Then this time of trouble, unlike the first, is to come upon all the world, with this difference, however, between the wicked and the righteous: it is to come upon the wicked unawares, as a thief in the night; but the righteous are to know when it is near, and be enabled to make the necessary preparations to escape the things that are coming upon the earth. We are informed that “the wicked shall do wickedly, and none of the wicked shall understand, but the wise shall understand” [Daniel 12:10]; that evil men and seducers shall wax worse and worse, deceiving and being deceived; and that because they received not the love of the truth, “God will send them strong delusion, that they should believe a lie, that they all might be damned who believed not the truth, but had pleasure in unrighteousness,” having their minds wholly engrossed with the things of this world; but the righteous are to occupy the position of pilgrims and sojourners on this earth, having their citizenship in heaven; and during the time of trouble, occupy a waiting position, in expectation of the return of their Lord.ARSH September 10, 1861, page 118.7

    This state of things is to occur just prior to, and in connection with, this time of trouble. Let us look about us and see whether we are not now nearing this momentous time; whether it is not nigh, even at the doors. The days of the tribulation and persecution of the people of God were to be shortened. It was done. Immediately after the tribulation of those days the sun was to be darkened, the moon was to not give her light, and the stars were to fall from heaven, all this has become a subject of history. There was to be a peace-and-safety cry proclaimed. It has been meeting its fulfillment in the modern doctrine of a temporal millennium. Satan, knowing that his time is short, just prior to his destruction, is to work with all power and signs and lying wonders. Behold its opening fulfillment in Spiritualism. Evil was to go forth from nation to nation. It is now going. Our own nation has been visited, and is now in the midst of a terrible rebellion.ARSH September 10, 1861, page 118.8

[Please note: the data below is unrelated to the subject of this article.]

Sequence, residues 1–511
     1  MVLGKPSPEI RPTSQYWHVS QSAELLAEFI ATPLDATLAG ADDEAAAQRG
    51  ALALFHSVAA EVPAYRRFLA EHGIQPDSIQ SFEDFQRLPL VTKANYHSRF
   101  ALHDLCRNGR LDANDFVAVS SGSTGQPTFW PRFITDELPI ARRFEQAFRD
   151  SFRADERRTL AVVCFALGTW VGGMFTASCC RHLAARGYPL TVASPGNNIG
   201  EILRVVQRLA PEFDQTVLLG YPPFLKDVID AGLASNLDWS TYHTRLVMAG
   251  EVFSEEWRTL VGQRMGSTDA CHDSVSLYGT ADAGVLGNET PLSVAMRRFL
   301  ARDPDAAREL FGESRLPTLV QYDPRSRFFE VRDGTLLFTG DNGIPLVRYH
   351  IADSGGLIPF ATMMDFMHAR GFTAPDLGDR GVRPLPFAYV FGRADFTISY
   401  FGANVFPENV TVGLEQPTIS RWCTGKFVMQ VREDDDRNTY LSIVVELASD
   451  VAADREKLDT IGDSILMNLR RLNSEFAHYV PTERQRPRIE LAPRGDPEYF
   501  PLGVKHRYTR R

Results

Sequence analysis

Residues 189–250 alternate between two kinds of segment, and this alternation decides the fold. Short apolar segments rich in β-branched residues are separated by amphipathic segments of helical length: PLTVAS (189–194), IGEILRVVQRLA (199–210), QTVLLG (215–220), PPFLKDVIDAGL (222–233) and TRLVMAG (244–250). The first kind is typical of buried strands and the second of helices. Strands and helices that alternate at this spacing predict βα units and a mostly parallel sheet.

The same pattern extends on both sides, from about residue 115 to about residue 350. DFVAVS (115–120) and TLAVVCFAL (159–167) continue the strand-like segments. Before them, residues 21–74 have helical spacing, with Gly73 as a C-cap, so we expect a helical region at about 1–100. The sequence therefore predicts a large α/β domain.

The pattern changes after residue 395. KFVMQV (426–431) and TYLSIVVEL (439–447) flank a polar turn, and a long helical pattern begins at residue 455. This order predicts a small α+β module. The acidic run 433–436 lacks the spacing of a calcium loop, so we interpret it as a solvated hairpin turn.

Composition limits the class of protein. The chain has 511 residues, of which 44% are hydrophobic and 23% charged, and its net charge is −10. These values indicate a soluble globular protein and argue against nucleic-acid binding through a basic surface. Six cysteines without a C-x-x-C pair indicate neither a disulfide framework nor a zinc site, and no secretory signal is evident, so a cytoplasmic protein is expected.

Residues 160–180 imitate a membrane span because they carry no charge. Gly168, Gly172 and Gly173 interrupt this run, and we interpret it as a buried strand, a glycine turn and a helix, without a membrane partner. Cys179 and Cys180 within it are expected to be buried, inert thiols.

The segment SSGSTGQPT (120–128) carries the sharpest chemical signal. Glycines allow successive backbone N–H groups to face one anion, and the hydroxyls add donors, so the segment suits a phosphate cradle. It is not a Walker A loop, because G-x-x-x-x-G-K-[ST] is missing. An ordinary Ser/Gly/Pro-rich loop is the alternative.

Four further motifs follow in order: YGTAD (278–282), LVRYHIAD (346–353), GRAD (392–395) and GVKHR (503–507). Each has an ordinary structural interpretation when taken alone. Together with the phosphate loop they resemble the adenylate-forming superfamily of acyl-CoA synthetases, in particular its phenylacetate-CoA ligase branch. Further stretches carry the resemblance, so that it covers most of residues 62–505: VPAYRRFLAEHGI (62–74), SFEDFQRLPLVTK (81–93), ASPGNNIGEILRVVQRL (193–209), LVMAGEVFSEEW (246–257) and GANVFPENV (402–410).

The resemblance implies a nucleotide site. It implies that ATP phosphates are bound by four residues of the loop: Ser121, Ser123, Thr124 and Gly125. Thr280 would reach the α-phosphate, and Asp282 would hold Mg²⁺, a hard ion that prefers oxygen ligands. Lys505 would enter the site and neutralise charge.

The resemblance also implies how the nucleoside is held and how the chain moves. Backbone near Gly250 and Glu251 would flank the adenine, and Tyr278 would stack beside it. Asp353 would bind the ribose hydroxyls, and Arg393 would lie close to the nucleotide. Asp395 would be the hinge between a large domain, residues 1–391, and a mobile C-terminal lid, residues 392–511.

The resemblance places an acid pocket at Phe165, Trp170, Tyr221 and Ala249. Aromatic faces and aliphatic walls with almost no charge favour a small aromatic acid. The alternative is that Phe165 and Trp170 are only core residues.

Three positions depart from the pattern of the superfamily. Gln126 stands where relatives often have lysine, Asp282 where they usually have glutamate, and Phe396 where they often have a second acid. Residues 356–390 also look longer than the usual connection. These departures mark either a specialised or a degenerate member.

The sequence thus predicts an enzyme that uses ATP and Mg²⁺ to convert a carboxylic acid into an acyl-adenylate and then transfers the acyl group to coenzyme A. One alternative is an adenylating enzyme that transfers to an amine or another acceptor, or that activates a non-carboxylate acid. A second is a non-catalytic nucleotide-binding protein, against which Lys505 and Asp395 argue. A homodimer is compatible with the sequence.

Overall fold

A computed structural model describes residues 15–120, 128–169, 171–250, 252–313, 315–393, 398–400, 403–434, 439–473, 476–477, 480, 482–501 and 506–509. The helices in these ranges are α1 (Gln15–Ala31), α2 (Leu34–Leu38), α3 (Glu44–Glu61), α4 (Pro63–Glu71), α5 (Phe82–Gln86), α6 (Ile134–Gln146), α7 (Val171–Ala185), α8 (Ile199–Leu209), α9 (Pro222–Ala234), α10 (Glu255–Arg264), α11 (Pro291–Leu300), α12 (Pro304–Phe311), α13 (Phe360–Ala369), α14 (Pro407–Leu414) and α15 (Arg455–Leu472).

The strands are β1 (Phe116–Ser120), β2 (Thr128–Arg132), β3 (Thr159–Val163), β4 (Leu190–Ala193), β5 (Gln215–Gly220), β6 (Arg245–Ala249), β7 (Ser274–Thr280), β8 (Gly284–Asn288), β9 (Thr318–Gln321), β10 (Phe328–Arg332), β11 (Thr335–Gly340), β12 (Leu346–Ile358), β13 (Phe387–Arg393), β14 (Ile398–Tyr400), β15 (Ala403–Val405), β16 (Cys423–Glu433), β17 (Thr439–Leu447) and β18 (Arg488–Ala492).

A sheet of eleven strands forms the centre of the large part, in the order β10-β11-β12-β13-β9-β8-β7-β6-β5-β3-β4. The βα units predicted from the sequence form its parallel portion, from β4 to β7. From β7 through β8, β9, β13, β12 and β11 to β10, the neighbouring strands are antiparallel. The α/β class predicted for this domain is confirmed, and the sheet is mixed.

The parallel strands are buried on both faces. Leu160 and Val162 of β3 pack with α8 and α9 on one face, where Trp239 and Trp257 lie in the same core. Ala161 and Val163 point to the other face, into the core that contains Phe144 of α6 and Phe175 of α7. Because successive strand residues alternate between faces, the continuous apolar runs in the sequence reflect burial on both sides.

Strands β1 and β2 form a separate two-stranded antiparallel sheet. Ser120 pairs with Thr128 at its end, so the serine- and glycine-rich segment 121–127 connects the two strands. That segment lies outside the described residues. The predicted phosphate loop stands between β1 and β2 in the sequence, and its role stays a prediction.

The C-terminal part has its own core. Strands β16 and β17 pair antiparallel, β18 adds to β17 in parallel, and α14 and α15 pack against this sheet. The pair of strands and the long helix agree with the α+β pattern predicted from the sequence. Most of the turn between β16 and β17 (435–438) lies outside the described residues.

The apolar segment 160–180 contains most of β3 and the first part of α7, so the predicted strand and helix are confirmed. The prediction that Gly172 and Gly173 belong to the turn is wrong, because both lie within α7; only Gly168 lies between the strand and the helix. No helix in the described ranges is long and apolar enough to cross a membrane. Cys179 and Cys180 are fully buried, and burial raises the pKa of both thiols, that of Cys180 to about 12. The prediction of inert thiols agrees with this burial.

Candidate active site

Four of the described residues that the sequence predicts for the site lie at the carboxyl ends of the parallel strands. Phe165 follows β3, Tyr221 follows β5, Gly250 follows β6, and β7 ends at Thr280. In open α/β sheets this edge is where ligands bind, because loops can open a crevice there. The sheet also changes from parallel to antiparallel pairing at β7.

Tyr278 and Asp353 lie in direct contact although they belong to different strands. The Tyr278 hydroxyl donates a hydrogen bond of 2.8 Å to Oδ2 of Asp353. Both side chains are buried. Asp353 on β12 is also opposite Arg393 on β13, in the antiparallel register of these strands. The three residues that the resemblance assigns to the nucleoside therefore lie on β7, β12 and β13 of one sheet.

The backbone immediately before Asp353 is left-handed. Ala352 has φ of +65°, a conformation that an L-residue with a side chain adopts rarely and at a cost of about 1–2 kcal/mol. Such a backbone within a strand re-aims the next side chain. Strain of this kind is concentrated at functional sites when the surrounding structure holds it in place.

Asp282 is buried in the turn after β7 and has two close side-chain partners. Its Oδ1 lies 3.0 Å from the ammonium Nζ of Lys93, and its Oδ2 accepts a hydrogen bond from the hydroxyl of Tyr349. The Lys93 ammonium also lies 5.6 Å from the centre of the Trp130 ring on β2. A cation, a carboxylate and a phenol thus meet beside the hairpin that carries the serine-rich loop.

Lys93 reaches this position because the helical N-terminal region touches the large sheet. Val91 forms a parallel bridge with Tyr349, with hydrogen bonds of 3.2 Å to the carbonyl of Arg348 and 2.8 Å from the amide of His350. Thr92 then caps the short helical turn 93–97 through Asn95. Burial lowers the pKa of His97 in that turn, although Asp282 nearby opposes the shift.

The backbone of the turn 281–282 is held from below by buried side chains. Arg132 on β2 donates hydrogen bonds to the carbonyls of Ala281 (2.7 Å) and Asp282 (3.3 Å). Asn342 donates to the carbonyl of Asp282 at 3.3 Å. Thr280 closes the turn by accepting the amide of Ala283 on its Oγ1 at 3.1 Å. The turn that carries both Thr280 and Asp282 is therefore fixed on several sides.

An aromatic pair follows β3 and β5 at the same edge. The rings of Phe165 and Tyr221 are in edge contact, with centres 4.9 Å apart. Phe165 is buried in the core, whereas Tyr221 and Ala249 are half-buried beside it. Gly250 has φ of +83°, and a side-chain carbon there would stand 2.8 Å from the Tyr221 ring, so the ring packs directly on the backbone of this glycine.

Have not all the signs that were to precede Christ’s second advent either been fulfilled, or are they not now meeting their fulfillment? We think they are. If then, we are correct in our conclusions, how important that we should realize it and speedily get on the whole armor of God, so that we may be able to withstand in the evil day, and having done all to stand; for we have but a short time to work. “For He will finish the work and cut it short in righteousness; because a short work will the Lord make upon the earth.” Romans 9:28. “Thus saith the Lord God: an evil, an only evil, behold is come. An end is come. It watcheth for thee: behold it is come. The morning is come unto thee, O thou that dwellest in the land. The time is come, the day of trouble is near, and not the sounding again of the mountains. Now will I shortly pour out my fury upon thee, and accomplish mine anger upon thee: and I will judge thee according to thy ways, and will recompense thee for all thine abominations. And mine eye will not spare, neither will I have pity: I will recompense thee according to thy ways, and thine abominations that are in the midst of thee; and ye shall know that I am the Lord that smiteth. Behold the day, behold it is come: the morning is gone forth.” Ezekiel 7:5-10. Yes, the morning, or commencement of the time of trouble is soon to go forth. The sword is already in the land; and the pestilence and famine will soon follow. “They who are in the field shall die with the sword, and he that is in the city, famine and pestilence shall devour him. All hands shall be feeble, and all knees shall be weak as water. They shall also gird themselves with sackcloth, and horror shall cover them, and shame shall be upon all faces, and baldness upon all heads. They shall cast their silver in the street, and their gold shall be removed; their silver and their gold shall not be able to deliver them in the day of the wrath of the Lord.” Ezekiel 7.ARSH September 10, 1861, page 118.9

    Although the time of trouble is upon us, it is still tempered with mercy. God’s anger is enkindled against the nation; but his arm is stretched out still, and all who will may come and obtain salvation while Christ still occupies the office of a mediator.ARSH September 10, 1861, page 118.10